December 10 2013 Latest news:
By James Cunliffe
Thursday, September 26, 2013
Pride will be the overriding emotion for home town debutant Julius Joseph when he first pulls on the London Lions vest and introductions don’t get much bigger than facing his first side Manchester Giants at the Copper Box.
The 37-year-old Londoner first burst on the British Basketball League scene for tomorrow’s visitors back in 2001, having graduated from Georgia College in the US.
A spell in Belgium and France followed before returning to Blighty with the Scottish Rocks (now Glasgow) and then Surrey Heat. He officially swapped the Guildford outfit for the Lions last week, just in time for the club’s landmark competitive BBL bow at their new home in the Olympic Park.
“Being from London and representing London means the pride will kick in,” Joseph told London24. “I definitely want to be successful because we are representing the whole city.
“It was about time we had a big, powerful club in the British Basketball League and now we’ve got one so it’s time to work, get better and get some results.
“No other club in the country has a venue like the Copper Box - it’s as good as it gets in terms of facilities.
“It’s something we really appreciate and we’ll make the most of it.
“The players can’t wait to get the season started. The Iowa game [a pre-season friendly last month to officially open the Copper Box] was a fantastic turn out and we’re hoping for similar crowds on a week in, week out basis.
“Playing in front of such a huge crowd is so exciting and gets the adrenalin pumping.
“We can’t wait to get on the court and start being successful.”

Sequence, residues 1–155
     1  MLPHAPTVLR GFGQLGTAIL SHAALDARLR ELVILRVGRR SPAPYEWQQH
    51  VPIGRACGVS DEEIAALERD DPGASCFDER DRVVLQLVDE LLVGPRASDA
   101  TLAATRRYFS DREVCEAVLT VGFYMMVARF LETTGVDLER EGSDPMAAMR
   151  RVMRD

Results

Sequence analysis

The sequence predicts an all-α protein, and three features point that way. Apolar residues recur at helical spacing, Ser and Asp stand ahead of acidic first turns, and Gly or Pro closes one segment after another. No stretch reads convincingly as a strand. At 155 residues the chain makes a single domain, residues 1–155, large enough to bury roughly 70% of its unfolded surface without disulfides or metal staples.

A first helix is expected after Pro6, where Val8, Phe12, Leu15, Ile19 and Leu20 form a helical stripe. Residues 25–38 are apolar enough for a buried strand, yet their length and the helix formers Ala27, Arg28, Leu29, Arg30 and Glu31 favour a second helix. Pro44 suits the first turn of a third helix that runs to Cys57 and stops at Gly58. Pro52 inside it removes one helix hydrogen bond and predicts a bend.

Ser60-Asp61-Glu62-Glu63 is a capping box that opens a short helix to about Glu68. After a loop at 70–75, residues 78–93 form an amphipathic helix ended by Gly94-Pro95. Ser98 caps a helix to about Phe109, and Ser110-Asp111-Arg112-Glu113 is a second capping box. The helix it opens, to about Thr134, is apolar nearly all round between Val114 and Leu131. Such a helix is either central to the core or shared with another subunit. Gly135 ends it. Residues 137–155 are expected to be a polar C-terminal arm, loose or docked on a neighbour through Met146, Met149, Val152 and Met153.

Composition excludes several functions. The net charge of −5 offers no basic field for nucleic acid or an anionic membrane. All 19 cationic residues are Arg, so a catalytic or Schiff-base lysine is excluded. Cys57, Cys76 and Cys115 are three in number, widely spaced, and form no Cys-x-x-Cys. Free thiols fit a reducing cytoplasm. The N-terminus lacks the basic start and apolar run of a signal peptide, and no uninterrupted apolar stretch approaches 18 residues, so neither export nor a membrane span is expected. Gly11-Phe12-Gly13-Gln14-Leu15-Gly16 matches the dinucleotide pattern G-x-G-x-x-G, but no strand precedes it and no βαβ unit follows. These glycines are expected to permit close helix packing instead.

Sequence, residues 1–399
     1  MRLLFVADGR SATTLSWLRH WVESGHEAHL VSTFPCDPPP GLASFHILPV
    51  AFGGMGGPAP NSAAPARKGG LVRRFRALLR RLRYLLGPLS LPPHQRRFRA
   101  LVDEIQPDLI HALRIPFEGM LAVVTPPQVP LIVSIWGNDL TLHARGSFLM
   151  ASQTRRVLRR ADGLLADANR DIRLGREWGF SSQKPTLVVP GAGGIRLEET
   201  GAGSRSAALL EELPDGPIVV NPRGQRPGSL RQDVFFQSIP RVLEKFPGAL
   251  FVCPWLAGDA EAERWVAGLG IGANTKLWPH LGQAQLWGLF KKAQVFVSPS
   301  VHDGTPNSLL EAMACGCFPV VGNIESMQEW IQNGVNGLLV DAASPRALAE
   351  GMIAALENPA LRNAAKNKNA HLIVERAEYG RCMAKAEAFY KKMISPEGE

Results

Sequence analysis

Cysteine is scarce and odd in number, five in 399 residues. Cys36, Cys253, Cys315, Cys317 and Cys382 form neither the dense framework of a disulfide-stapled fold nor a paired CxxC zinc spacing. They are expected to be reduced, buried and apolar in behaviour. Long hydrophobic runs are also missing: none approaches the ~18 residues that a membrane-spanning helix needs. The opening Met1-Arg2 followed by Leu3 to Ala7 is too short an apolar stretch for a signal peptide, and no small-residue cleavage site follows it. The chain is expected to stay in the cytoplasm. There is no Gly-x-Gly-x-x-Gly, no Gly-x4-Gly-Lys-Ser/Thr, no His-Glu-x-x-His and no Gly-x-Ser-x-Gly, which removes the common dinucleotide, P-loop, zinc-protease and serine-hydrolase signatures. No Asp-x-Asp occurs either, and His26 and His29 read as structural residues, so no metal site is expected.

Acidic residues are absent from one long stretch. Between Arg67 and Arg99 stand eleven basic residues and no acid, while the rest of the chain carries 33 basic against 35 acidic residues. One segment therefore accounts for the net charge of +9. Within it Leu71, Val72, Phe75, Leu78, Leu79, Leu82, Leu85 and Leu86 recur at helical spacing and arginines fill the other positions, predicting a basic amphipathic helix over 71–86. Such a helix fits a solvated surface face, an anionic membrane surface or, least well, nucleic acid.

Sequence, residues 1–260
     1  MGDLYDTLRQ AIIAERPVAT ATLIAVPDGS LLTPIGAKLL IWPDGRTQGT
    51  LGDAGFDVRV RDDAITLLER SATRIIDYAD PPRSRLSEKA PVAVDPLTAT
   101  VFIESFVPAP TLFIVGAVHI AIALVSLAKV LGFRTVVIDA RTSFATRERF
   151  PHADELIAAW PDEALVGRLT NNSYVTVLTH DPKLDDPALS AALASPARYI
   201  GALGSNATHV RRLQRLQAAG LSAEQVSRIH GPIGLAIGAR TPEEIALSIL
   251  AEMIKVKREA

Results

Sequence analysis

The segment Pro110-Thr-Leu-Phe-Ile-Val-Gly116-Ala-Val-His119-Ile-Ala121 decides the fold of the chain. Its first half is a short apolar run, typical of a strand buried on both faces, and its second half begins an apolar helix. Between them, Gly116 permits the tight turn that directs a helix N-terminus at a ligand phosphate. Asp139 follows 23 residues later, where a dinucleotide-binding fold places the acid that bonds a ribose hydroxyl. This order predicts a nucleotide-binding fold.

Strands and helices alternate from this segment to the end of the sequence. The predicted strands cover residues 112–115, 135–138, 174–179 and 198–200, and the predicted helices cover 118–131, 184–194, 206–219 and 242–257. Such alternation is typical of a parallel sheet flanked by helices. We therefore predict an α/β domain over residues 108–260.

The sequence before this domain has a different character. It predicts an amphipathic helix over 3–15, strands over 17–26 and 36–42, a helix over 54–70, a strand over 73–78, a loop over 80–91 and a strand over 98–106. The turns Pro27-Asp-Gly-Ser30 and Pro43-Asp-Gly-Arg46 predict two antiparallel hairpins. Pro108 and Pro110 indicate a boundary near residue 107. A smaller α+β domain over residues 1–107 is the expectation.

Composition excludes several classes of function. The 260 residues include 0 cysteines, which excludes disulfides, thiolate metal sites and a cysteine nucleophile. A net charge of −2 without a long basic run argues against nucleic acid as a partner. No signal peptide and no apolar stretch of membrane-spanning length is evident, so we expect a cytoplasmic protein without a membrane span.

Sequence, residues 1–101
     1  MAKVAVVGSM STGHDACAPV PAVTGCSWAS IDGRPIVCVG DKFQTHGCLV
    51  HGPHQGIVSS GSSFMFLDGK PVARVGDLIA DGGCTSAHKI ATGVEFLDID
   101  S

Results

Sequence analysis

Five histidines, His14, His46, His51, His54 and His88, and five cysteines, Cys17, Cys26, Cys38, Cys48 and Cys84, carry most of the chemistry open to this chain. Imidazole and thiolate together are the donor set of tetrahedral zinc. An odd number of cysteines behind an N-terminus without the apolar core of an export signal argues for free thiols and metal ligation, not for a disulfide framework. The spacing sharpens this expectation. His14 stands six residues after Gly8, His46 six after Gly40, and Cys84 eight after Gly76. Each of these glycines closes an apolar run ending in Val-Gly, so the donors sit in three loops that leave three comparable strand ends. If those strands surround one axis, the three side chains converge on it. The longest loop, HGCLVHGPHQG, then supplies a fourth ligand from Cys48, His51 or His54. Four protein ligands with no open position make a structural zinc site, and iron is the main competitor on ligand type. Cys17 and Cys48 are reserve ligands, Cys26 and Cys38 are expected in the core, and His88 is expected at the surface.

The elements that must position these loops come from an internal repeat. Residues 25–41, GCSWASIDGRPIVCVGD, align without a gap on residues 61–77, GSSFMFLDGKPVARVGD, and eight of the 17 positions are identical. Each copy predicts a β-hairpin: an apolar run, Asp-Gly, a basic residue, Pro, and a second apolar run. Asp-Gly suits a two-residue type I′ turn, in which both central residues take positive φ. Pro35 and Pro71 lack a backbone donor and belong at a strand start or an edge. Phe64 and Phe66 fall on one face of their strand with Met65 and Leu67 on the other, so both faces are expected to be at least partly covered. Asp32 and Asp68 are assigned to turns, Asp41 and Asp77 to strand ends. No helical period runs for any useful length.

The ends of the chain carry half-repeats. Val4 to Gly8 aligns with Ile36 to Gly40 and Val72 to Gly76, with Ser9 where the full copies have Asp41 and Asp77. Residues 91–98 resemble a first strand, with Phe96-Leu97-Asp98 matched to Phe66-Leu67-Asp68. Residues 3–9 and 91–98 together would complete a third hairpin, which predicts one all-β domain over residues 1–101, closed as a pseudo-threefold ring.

Tomorrow’s game is doubly significant for the veteran, who has played for England and Great Britain, as old club Manchester - where he averaged 17 points a game – come to town for the BBL curtain-raiser.
“Whenever I play an old club there is an extra little bit of adrenalin,” he said. “Anyone that is competitive will feel the same way.
“That is one of the games that I’m looking forward to especially, along with Surrey.
“My very first professional contract was with Manchester Giants. It was quite a while ago and I’ve changed organisations since then but I can’t wait to play against those guys because they’ve still got the same badge and are from the same place.”
The unfancied Lions reached suprised many to reach the play-offs last year but were knocked out by eventual champions Leicester Riders.
Switching their headquarters from Crystal Palace to the 7,000-seat all-purpose stadium in Stratford has raised expectation levels within the club and Joseph admits that they are gunning for the country’s top prize.
He said: “The goal is winning the league to get one of the top spots in the play-offs, getting to the finals and hopefully winning it.”
Head coach Vince Macaulay has spent the off-season busily recruiting new players to help fulfil those lofty ambitions.
“The chemistry is coming together and we all want to succeed just as bad as each other,” Joseph said.
“It’s rare that you get a group of guys that click so quickly and I think that’s what we’ve done.
“We’ve still got a few guys to come in which will make us even stronger.
“Judging by the league in recent years, I feel that we’ve got a really strong team and a really deep team.
“We’ve got a lot of players that are going to bring excitement on a day in, day out basis.
“We have a very special point guard in Rod Brown and I think he’s going to play really well.
“We have a forward called Nick Freer and he’s a bit of a high flyer so I’m sure he’ll be getting quite a few dunks during the course of the season, which will excite the fans.”
Brown in particular is one of the Lions’ core group of players from last season that Macaulay has convinced to re-sign and Joseph thinks the returning guard and the likes of Adrien Sturt, Perry Lawson and Laurent Irish will be the basis for London’s title tilt.
“It was important to re-sign Rod because the key to winning is trying to build consistency,” Joseph said.
“If you start a completely new team year in, year out, then it’s very difficult to win anything.
“The track record of teams like Newcastle and Leicester – teams that are used to winning - is because they keep the core group of guys and build on to it.
“That’s what we’ve done this season.”